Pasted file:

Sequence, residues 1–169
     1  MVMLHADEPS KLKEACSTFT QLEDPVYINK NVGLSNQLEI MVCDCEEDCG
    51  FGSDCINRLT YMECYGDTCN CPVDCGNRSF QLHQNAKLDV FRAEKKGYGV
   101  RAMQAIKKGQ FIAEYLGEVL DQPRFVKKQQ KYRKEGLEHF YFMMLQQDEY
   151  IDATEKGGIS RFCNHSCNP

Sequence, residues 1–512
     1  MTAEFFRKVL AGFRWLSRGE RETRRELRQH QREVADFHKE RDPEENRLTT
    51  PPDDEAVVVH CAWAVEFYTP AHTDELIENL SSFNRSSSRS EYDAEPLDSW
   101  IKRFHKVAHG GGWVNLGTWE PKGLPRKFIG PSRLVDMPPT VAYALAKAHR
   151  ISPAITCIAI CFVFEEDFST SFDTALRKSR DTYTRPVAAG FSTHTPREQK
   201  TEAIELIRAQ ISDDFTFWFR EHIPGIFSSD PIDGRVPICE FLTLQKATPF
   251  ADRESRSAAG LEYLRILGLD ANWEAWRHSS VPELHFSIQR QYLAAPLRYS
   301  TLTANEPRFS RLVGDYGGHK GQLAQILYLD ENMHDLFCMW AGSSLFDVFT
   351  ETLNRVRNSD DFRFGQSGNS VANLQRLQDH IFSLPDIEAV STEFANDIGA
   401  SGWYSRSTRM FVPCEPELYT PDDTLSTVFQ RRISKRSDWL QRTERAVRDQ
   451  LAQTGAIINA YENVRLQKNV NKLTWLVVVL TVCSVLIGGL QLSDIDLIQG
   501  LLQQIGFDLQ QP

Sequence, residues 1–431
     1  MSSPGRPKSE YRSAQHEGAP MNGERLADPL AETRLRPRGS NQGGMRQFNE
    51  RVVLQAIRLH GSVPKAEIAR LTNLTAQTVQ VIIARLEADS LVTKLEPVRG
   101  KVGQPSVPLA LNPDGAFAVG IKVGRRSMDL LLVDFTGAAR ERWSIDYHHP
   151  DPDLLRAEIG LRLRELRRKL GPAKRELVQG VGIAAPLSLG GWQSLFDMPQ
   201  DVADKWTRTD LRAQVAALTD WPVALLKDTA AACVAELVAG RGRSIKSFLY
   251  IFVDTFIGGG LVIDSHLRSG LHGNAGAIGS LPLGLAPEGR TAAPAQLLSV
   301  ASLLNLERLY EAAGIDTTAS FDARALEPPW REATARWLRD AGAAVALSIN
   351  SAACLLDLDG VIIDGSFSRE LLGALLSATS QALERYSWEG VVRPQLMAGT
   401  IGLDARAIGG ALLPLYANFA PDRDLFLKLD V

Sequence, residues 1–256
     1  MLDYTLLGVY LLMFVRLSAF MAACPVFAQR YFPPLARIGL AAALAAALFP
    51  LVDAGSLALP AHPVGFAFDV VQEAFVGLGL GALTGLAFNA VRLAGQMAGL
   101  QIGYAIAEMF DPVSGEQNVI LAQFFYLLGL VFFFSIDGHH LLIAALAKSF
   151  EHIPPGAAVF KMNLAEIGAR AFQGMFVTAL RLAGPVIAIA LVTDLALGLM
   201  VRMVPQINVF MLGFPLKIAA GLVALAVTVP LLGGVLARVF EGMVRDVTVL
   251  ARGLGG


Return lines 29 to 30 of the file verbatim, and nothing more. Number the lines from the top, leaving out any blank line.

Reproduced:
     1  MLDYTLLGVY LLMFVRLSAF MAACPVFAQR YFPPLARIGL AAALAAALFP
    51  LVDAGSLALP AHPVGFAFDV VQEAFVGLGL GALTGLAFNA VRLAGQMAGL